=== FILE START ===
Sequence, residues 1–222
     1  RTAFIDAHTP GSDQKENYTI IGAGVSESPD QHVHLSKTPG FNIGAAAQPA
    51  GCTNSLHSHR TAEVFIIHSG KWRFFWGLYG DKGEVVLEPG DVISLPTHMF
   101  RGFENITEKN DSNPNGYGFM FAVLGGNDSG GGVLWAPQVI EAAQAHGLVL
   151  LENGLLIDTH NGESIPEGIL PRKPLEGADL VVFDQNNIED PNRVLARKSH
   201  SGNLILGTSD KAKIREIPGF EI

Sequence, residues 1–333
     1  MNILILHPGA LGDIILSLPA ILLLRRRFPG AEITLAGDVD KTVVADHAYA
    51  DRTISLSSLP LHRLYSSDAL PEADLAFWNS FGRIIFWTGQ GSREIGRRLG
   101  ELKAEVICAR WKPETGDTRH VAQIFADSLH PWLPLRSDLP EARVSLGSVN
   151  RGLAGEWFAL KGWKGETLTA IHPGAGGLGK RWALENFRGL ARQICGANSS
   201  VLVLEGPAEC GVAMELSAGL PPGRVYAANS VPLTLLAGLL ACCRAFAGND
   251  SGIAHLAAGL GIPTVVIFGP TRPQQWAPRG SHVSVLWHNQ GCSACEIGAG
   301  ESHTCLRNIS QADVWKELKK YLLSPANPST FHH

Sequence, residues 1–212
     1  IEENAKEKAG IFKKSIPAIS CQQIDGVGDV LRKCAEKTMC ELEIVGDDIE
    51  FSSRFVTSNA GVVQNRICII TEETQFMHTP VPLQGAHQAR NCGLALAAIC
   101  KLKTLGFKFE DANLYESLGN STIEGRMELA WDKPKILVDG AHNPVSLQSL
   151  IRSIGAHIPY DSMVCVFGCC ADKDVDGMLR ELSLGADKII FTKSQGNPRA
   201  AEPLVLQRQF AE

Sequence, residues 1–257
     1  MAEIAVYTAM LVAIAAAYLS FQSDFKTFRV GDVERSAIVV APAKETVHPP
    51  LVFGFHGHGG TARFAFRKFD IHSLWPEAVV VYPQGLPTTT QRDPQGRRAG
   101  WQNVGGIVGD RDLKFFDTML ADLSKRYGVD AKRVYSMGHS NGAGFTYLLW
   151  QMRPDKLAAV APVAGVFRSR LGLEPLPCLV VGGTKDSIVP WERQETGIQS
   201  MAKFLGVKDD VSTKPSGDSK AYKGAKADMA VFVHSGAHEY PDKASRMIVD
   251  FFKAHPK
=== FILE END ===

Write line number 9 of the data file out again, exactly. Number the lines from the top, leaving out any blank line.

    51  DRTISLSSLP LHRLYSSDAL PEADLAFWNS FGRIIFWTGQ GSREIGRRLG